E-Clear, the credit card processing company, has been put into administration after failing to prove that it has enough funds to pay its debts to Globespan, the collapsed Scottish airline.
A high court order approved the administration after the company failed "to submit evidence of funds", according to PricewaterhouseCoopers, Globespan's administrators.
PwC claimed that the payment firm had received £35m from Globespan customers that had not been passed on to the airline. "Over the last month we have sought financial reassurance from E-Clear and are disappointed that the funds are no longer there," said PwC partner Bruce Cartwright.
Of the £35m total PwC claims, about £12.5m is in fact due to be returned, as the money relates to flights that did not take place. As many as 50,000 customers paid for flights by credit card or Visa debit and are owed rebates by their credit card company, PWC said.
E-Clear is also being pursued in two legal disputes linked to alleged overdue payments owed to collapsed Slovakian airline SkyEurope and Canadian travel firm Go Travel Direct. E-Clear contests all the allegations.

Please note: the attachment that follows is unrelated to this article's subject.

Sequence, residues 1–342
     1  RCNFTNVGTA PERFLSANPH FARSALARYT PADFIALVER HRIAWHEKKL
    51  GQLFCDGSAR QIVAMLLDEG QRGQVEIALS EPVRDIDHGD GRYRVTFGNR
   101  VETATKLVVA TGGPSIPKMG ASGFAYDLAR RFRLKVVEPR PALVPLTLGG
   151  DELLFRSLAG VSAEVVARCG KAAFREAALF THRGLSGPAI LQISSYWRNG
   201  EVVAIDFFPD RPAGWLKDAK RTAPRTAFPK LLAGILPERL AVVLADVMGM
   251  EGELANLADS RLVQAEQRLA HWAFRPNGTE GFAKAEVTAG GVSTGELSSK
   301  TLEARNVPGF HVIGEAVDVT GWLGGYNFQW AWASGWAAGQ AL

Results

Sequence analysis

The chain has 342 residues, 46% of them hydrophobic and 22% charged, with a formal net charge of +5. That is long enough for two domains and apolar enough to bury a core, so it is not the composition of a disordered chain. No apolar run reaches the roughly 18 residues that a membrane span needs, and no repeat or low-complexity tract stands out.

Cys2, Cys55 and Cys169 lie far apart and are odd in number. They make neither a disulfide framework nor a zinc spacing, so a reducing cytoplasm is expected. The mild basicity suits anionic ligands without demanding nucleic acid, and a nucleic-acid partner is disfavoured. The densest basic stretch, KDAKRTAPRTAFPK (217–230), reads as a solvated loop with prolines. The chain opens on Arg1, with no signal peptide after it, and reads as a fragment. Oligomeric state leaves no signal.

E-Clear specialised in providing payment processing services to smaller firms that were considered too great a risk by other credit card processors. The travel industry is considered among the highest risk sectors for payment firms because it involves large lumps of money often received long in advance of the flight or holiday date.
E-Clear is owned by a parent group in Cyprus, and moved its head office to a Mayfair address four years ago. Its chief executive, Elias Elia, a Greek Cypriot, has been involved in the travel industry for years.
Elia was also the controlling shareholder in Allbury Travel Group, a Hertfordshire travel agent, until it collapsed leaving 100 holidaymakers to be repatriated by the Civil Aviation Authority last month. The travel agency used E-Clear as a payment processor.